(February 10, 1909 - July 23, 1933)
Lusk Free Lance
July 27, 1933
Orrin Tatum, Victim of Cyclone, Takes Life
Constant Suffering Causes Young Man to Take Poison Sunday at Ranch Home; Funeral Held Here Tuesday
William Orrin Tatum, 24-year-old son of Mrs. Dora Tatum, succumbed to the effects of poison, self-administered, at the Lusk hospital last Sunday evening at 8:30 o'clock. Young Tatum had been a constant sufferer from injuries received in a cyclone which struck the family home, about 14 miles west of Jay Em, a little more than three years ago, and this, it is believed, was the (?) of his act.
(During) the cyclone, young Tatum was carried for a distance of several hundred feet, and was seriously injured. He lay in the Lusk hospital (?) weeks, and suffered intense pain constantly while there. He finally improved sufficiently to return to his home but the suffering continued until last Sunday afternoon, while his mother was visiting at a neighborhood home, he conceived the plan of ending his life.
As his mother and the neighbors were driving into the Tatum farm yard, Orrin drank a quantity of (...bolic) acid. He was standing in the driveway as they approached. Noticing the palid color of his face, one of the party asked him what was wrong, in which he replied, "Nothing." He was evidently in great pain at that time, and his mother then asked, "Orrin, what have you done?" It was then he said, "Mother, I cannot go on suffering as I have been."
The empty bottle which contained the deadly poison lay on the floor inside the door, telling the tale of the deed. First aid was rendered at the Tatum home and then he was (put) in the car and rushed to this city, where he was taken to the hospital. Every effort was made to counteract the effects of the poison, but he died an hour and a half after reaching the institution.
Although he took the poison in Goshen county, he died in this county and his remains were placed in charge of George Earl Peet, county coroner.
Deceased is survived by his mother, Mrs. Dora Tatum, and his grandparents, Mr. and Mrs. O. E. Chaffee. His father is still living although his whereabouts are unknown.
Funeral services were held from the Peet Mortuary at 2:30 o'clock Tuesday afternoon, July 25th, Rev. B. Farrar, pastor of the First Baptist church of this city, officiating. The remains were laid to rest in the Lusk cemetery.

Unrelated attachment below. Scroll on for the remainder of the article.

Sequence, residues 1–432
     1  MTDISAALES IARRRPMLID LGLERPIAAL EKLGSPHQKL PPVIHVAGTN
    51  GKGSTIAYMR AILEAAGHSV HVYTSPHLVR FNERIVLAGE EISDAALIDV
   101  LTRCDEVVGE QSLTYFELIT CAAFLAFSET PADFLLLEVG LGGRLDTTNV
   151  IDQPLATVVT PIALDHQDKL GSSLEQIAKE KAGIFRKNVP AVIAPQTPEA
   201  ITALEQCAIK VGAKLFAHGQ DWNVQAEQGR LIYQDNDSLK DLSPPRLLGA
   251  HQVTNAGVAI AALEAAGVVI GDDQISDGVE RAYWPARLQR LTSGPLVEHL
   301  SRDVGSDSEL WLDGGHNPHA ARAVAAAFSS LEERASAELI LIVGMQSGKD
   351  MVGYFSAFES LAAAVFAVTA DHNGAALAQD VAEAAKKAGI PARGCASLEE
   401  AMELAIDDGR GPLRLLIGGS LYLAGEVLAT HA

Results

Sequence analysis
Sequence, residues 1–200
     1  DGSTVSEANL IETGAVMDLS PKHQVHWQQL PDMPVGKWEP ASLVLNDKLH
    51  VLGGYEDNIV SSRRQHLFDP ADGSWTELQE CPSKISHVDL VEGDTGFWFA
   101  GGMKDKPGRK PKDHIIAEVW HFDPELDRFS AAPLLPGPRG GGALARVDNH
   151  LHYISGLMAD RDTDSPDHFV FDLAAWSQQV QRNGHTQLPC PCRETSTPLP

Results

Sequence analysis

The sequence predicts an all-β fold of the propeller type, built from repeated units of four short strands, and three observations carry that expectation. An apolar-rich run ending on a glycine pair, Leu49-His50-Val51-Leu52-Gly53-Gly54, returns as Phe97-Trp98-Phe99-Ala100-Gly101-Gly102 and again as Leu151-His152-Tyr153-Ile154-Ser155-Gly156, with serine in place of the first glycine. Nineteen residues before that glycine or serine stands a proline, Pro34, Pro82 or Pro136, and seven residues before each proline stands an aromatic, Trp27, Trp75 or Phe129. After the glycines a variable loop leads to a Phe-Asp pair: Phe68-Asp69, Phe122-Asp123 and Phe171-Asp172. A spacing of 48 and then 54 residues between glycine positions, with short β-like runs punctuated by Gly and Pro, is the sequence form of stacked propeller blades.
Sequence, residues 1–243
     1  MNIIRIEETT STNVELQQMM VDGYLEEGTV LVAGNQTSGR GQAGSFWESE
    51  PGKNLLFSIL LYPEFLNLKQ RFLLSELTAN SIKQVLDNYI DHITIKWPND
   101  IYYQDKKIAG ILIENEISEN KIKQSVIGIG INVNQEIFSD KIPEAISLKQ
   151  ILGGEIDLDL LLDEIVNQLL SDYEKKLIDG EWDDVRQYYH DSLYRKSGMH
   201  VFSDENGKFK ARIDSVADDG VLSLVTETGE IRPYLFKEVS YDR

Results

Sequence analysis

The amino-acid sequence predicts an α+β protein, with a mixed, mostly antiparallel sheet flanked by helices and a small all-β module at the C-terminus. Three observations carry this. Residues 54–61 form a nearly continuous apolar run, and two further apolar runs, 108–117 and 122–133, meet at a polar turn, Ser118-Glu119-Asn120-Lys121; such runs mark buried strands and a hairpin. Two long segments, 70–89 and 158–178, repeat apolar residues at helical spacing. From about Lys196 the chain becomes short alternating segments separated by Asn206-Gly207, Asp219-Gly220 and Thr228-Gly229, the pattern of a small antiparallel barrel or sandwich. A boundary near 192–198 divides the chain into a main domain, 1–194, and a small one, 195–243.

Complete obituary will be found on Page four.
Orrin William Tatum was born at Lincoln Nebraska, February 10th, 1909, the only son of Thomas and Dora Tatum.
When he was a lad of little more than six years he came with his parents to the community 14 miles west of Jay Em, where the family have since resided for more than 18 years.
Three years ago, June the 8th, a tornado destroyed the home in which he was residing and he was most severely injured. He spent some time in the hospital here at Lusk, but seems never to have recovered from the injuries then received. Indeed he was a great sufferer most of the time. Always uncomplaining, he was not want to speak of his sufferings so perhaps none ever knew just how much he did suffer.
He is survived by his parents, grandmother, half-brother and other relatives.
Alone in the home for awhile last Sunday afternoon, he seems to have convinced himself that his sufferings were more than he could continue to endure. So he determined to end it all by taking deadly poison. Upon his mothers return home he was rushed to the hospital but all efforts were unavailing and he passed the bourne at eight o'clock Sunday evening. Thus, his sojourn in life was but 24 years, five months and thirteen days.
No doubt he justified his act to his own satisfaction and who are we that we should judge him. He is in the hands of a just God and a loving Saviour and there we leave him. We would not call him back if we could.
"His languished head is at rest,
Its thinking and aching are o'er;
His quiet immovable breast
Is heaved by afflictions no more."
Funeral services were held from the Peet Mortuary Tuesday afternoon at 2:30 Rev. B. F. Farrar, pastor of the First Baptist Church, preached the sermon from the text, "Lord thou hast been our Home in all generations." Psalm 90:1. Mrs. Harriet Smith, Mrs. C. E. Marvin, Mrs. Etta Ellis and Mrs. Farrar, were the singers and Mrs. Edna DeCastro presided at the piano. The songs were: "Rock of Ages," "When the Roll is Called up Yonder," ()Requested) and "Nearer My God to Thee."
The Pallbearers were: Cecil Pugsley, Harold Hoy, Kermit Brown, Gerald Henderson, Leonard Vroman and Edward Vroman.
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